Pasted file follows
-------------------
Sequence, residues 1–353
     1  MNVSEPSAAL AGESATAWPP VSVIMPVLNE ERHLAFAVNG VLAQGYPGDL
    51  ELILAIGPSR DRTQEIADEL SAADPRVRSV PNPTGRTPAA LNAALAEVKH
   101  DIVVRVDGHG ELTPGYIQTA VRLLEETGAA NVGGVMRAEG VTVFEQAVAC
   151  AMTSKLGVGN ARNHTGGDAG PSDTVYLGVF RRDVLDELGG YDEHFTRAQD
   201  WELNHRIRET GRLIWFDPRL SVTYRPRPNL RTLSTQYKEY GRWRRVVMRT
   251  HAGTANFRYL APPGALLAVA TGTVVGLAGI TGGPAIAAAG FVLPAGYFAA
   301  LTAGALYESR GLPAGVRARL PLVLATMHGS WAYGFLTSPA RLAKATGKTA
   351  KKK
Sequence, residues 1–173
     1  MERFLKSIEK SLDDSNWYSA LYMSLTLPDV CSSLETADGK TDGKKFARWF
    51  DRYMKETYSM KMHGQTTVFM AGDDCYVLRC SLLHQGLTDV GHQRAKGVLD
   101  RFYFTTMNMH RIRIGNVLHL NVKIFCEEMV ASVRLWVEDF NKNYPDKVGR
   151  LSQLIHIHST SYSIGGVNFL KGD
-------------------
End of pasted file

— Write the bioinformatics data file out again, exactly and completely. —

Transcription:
Sequence, residues 1–353
     1  MNVSEPSAAL AGESATAWPP VSVIMPVLNE ERHLAFAVNG VLAQGYPGDL
    51  ELILAIGPSR DRTQEIADEL SAADPRVRSV PNPTGRTPAA LNAALAEVKH
   101  DIVVRVDGHG ELTPGYIQTA VRLLEETGAA NVGGVMRAEG VTVFEQAVAC
   151  AMTSKLGVGN ARNHTGGDAG PSDTVYLGVF RRDVLDELGG YDEHFTRAQD
   201  WELNHRIRET GRLIWFDPRL SVTYRPRPNL RTLSTQYKEY GRWRRVVMRT
   251  HAGTANFRYL APPGALLAVA TGTVVGLAGI TGGPAIAAAG FVLPAGYFAA
   301  LTAGALYESR GLPAGVRARL PLVLATMHGS WAYGFLTSPA RLAKATGKTA
   351  KKK
Sequence, residues 1–173
     1  MERFLKSIEK SLDDSNWYSA LYMSLTLPDV CSSLETADGK TDGKKFARWF
    51  DRYMKETYSM KMHGQTTVFM AGDDCYVLRC SLLHQGLTDV GHQRAKGVLD
   101  RFYFTTMNMH RIRIGNVLHL NVKIFCEEMV ASVRLWVEDF NKNYPDKVGR
   151  LSQLIHIHST SYSIGGVNFL KGD